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A revealing look at the legal system, a compelling human rights story and an inspirational tale of dedicated people who...

A cadre of dedicated Yalies takes on the U.S. government in the case of Haitian refugees in the early 1990s.

Before Guantánamo Naval Base in Cuba made headlines for its detention of suspected terrorists, it served as temporary home to some 12,000 Haitian refugees fleeing the sadistic military regime that in 1991 ousted newly elected president Jean-Bertrand Aristide. When a group of Yale law students learned that the Immigration and Naturalization Service was returning nearly all the refugees to Haiti, where they would face persecution—and perhaps even death—the students decided to sue the government. Led by professors Harold H. Koh and Michael Ratner, the students put aside class, work and graduation preparations to pursue the case, conducting all-night research sessions and traveling to interview the detainees. They argued all the way to the Supreme Court, focusing worldwide attention on the plight of some 300 HIV-positive refugees incarcerated in Guantánamo’s squalid detention center. Both George H.W. Bush and Bill Clinton (who had decried his predecessor’s Haitian policy during the presidential campaign) were content to let the detainees languish indefinitely. Aided by the high-powered firm of Simpson Thacher & Bartlett, who worked pro bono, the students eventually won the Haitians’ release and brought them to the U.S. Journalist Goldstein, himself a Yale Law grad, manages to bring passion and drama to a story that consists primarily of legal filings. It helps that he focuses on the wrenching story of one activist refugee who was forced to leave her family behind in Haiti. The dozen or so students are less clearly drawn, but no less heroic for risking their careers.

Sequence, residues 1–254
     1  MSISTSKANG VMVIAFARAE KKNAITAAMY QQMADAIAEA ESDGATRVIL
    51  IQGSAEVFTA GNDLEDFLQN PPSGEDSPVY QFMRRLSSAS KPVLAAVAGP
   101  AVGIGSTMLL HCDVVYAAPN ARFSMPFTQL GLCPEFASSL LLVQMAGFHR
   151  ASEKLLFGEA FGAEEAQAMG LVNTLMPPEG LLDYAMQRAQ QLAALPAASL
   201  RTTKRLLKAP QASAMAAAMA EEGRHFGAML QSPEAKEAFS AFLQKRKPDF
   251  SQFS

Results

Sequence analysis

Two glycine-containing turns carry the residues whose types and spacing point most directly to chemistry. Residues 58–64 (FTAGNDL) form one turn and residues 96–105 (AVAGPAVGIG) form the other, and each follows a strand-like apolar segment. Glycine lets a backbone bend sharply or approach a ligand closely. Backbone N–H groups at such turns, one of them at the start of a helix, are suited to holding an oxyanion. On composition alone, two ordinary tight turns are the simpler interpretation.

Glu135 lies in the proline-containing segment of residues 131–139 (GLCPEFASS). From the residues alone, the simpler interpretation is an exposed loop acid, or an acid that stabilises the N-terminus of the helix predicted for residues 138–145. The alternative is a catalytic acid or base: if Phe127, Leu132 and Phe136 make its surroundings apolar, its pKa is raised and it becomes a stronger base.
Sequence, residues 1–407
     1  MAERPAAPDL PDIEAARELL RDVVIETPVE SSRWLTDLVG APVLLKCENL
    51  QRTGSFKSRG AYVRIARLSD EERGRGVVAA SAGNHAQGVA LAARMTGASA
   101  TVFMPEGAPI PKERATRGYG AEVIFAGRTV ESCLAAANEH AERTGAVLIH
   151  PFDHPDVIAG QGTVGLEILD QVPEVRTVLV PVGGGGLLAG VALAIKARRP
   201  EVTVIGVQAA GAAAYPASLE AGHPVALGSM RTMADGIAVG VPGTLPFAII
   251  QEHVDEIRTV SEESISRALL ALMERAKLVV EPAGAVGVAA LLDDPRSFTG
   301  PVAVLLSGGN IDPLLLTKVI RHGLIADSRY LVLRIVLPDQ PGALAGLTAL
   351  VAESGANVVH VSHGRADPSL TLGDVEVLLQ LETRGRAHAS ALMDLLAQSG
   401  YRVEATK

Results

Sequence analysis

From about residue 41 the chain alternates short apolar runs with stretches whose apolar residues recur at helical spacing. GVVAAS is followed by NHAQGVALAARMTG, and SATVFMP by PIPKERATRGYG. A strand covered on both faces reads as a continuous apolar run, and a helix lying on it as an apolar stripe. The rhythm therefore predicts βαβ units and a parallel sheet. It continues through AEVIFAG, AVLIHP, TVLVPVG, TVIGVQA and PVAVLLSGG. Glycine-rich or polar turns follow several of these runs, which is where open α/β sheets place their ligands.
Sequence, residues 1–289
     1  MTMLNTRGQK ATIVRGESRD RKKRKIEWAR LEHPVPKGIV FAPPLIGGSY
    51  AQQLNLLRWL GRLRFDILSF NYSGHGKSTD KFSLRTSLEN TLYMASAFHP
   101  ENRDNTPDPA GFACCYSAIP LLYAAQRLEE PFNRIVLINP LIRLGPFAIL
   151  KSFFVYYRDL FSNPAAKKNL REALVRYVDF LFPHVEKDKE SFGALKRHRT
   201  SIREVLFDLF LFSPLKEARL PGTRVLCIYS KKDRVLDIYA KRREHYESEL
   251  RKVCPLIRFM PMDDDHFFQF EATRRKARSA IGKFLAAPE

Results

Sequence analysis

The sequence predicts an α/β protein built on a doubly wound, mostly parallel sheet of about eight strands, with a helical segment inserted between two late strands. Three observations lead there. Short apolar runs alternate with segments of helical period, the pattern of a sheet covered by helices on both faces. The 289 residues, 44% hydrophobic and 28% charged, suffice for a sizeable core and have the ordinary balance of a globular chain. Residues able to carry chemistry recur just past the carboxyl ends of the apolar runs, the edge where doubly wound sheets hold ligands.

A revealing look at the legal system, a compelling human rights story and an inspirational tale of dedicated people who refused to accept the status quo.

Pub Date: Sept. 20, 2005

ISBN: 0-7432-3001-9

Page Count: 368

Publisher: Scribner

Review Posted Online: May 19, 2010

Kirkus Reviews Issue: July 1, 2005

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This is not the Nutcracker sweet, as passed on by Tchaikovsky and Marius Petipa. No, this is the original Hoffmann tale of 1816, in which the froth of Christmas revelry occasionally parts to let the dark underside of childhood fantasies and fears peek through. The boundaries between dream and reality fade, just as Godfather Drosselmeier, the Nutcracker's creator, is seen as alternately sinister and jolly. And Italian artist Roberto Innocenti gives an errily realistic air to Marie's dreams, in richly detailed illustrations touched by a mysterious light. A beautiful version of this classic tale, which will captivate adults and children alike. (Nutcracker; $35.00; Oct. 28, 1996; 136 pp.; 0-15-100227-4)

Pub Date: Oct. 28, 1996

ISBN: 0-15-100227-4

Page Count: 136

Publisher: Harcourt

Review Posted Online: May 19, 2010

Kirkus Reviews Issue: Aug. 15, 1996

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An extravaganza in Bemelmans' inimitable vein, but written almost dead pan, with sly, amusing, sometimes biting undertones, breaking through. For Bemelmans was "the man who came to cocktails". And his hostess was Lady Mendl (Elsie de Wolfe), arbiter of American decorating taste over a generation. Lady Mendl was an incredible person,- self-made in proper American tradition on the one hand, for she had been haunted by the poverty of her childhood, and the years of struggle up from its ugliness,- until she became synonymous with the exotic, exquisite, worshipper at beauty's whrine. Bemelmans draws a portrait in extremes, through apt descriptions, through hilarious anecdote, through surprisingly sympathetic and understanding bits of appreciation. The scene shifts from Hollywood to the home she loved the best in Versailles. One meets in passing a vast roster of famous figures of the international and artistic set. And always one feels Bemelmans, slightly offstage, observing, recording, commenting, illustrated.

Pub Date: Feb. 23, 1955

ISBN: 0670717797

Page Count: -

Publisher: Viking

Review Posted Online: Oct. 25, 2011

Kirkus Reviews Issue: Feb. 1, 1955

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